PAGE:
Now the Passover of the Jews was at hand, and Jesus went up to Jerusalem. And He found in the temple those who sold oxen and sheep and doves, and the money changers doing business. When He had made a whip of cords, He drove them all out of the temple, with the sheep and the oxen, and poured out the changers' money and overturned the tables. And he said to those who sold doves, "Take these things away! Do not make My Father's house a house of merchandise!" Then His disciples remembered that it was written, "Zeal for Your house has eaten Me up."
So the Jews answered and said to Him, "What sign do You show to us, since You do these things?" Jesus answered and said to them, "Destroy this temple, and in three days I will raise it up." Then the Jews said, "It has taken forty-six years to build this temple, and will You raise it up in three days?" But He was speaking of the temple of His body. Therefore, when He had risen from the dead, His disciples remembered that He had said this to them; and they believed the Scripture and the word which Jesus had said.
- John 2:13-22
Yesterday, we read that there was a wedding in Cana of Galilee, and the mother of Jesus was there. Now both Jesus and His disciples were invited to the wedding. And when they ran out of wine, the mother of Jesus said to Him, "They have no wine." Jesus said to her, "Woman, what does your concern have to do with Me? My hour has not yet come." His mother said to the servants, "Whatever He says to you, do it." Now there were set there six waterpots of stone, according to the manner of purification of the Jews, containing twenty or thirty gallons apiece. Jesus said to them, "Fill the waterpots with water." And they filled them up to the brim. And He said to them, "Draw some out now, and take it to the master of the feast." When the master of the feast had tasted the water that was made wine, and did not know where it came from (but the servants who had drawn the water knew), the master of the feast called the bridegroom. And he said to him, "Every man at the beginning sets out the good wine, and when the guests have well drunk, then the inferior. You have kept the good wine until now!" This beginning of signs Jesus did in Cana of Galilee, and manifested His glory; and His disciples believed in Him. After this He went down to Capernaum, He, His mother, His brothers, and His disciples; and they did not stay there many days.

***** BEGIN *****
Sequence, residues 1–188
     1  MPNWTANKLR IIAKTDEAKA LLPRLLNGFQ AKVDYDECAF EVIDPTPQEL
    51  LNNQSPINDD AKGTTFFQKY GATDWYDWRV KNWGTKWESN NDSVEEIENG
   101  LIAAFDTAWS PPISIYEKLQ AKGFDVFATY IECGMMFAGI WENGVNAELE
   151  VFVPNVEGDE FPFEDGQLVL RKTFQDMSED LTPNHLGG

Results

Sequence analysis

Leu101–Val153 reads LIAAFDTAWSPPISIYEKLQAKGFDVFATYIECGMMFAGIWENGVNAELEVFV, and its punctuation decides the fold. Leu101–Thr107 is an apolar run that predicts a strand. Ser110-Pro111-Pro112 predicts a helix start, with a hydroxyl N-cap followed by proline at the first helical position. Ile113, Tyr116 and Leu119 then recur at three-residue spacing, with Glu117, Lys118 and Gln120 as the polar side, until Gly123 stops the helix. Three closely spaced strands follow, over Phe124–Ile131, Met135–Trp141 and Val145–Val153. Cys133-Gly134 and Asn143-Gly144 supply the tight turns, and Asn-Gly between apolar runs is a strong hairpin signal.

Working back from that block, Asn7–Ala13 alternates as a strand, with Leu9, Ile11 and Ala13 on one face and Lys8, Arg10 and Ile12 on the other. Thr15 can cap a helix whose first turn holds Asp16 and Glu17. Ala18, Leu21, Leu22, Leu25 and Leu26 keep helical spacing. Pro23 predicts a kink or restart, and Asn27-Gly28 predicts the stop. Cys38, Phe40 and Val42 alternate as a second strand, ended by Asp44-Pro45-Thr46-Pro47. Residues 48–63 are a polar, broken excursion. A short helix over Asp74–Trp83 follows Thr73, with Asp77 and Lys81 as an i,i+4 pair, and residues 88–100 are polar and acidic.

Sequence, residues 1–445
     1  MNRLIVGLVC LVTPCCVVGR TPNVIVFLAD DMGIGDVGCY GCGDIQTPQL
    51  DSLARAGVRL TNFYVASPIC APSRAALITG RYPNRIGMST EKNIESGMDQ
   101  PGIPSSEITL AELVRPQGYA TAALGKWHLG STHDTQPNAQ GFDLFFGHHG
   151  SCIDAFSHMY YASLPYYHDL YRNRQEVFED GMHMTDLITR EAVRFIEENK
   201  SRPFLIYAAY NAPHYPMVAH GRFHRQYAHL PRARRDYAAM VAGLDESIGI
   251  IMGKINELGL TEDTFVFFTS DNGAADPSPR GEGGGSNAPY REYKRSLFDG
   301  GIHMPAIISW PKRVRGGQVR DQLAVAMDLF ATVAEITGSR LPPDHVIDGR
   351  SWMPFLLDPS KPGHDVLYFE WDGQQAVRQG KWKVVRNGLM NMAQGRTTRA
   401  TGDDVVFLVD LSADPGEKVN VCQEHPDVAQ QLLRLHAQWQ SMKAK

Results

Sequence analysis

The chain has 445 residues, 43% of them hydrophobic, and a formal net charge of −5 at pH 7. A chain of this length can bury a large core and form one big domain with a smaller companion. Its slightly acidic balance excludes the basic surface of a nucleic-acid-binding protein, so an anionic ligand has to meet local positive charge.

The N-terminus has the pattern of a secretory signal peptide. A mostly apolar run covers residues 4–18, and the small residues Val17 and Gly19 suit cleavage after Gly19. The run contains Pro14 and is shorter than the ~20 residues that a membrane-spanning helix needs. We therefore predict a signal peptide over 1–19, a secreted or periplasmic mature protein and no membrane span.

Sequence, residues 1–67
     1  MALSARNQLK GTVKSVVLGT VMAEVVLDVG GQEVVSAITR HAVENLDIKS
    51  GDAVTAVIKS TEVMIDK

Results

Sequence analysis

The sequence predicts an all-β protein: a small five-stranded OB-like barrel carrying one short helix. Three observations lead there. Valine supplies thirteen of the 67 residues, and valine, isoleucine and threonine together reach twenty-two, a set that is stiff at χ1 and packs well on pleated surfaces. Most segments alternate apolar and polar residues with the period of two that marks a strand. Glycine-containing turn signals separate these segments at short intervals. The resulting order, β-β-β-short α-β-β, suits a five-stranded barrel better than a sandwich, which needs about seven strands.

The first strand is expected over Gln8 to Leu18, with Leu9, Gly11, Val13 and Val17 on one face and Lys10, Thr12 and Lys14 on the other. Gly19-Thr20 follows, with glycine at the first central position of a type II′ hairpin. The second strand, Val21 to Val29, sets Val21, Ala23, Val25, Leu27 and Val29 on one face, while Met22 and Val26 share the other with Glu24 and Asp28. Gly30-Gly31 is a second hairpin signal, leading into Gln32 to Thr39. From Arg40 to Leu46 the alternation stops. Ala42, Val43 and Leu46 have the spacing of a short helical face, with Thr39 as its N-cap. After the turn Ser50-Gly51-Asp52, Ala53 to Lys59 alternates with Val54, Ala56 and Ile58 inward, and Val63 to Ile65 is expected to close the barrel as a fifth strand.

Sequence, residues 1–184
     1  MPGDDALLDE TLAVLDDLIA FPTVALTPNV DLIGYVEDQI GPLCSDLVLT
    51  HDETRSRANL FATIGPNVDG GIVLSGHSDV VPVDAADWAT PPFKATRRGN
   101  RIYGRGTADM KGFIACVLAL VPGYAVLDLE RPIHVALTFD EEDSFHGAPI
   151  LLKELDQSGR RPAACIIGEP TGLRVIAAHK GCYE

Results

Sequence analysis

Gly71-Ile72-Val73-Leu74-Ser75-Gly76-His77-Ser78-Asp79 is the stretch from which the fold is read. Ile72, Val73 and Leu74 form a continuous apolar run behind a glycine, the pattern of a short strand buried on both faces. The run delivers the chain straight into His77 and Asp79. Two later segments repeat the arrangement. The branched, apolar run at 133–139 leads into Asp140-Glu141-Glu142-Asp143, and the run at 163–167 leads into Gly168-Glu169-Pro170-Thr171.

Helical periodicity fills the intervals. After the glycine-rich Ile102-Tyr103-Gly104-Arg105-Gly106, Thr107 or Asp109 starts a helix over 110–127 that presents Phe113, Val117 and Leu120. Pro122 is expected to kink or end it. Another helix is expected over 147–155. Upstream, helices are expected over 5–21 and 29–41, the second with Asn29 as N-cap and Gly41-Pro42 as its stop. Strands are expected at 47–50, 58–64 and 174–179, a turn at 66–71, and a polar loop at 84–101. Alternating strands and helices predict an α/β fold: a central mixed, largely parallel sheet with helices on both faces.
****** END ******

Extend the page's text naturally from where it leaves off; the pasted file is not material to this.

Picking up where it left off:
Now the Passover of the Jews was at hand, and Jesus went up to Jerusalem. How do we understand that Jesus' ministry lasted three years? John's Gospel gives us three Passovers, altogether, that Jesus will attend. This is the first one during His ministry.
And He found in the temple those who sold oxen and sheep and doves, and the money changers doing business. When He had made a whip of cords, He drove them all out of the temple, with the sheep and the oxen, and poured out the changers' money and overturned the tables. And he said to those who sold doves, "Take these things away! Do not make My Father's house a house of merchandise!" Then His disciples remembered that it was written, "Zeal for Your house has eaten Me up." Unlike the other Gospels, this act of cleansing the temple occurs early in John. Perhaps that suggests to us its significance, a kind of central importance to His ministry and teachings, and identity. He is acting as Messiah while not openly declaring Himself otherwise. It reminds us that you cannot serve God and mammon. We remember also that it is John who teaches us that Judas betrays Jesus in part because he is a thief, and suffers from the sin of covetousness. This display of vigorous action on Jesus' part is rare and unusual, and teaches us about His true zeal. The Scripture remembered by Jesus' disciples is from Psalm 69: "I have become a stranger to my brothers, and an alien to my mother’s children; because zeal for Your house has eaten me up, and the reproaches of those who reproach You have fallen on me" - Psalm 69:8,9.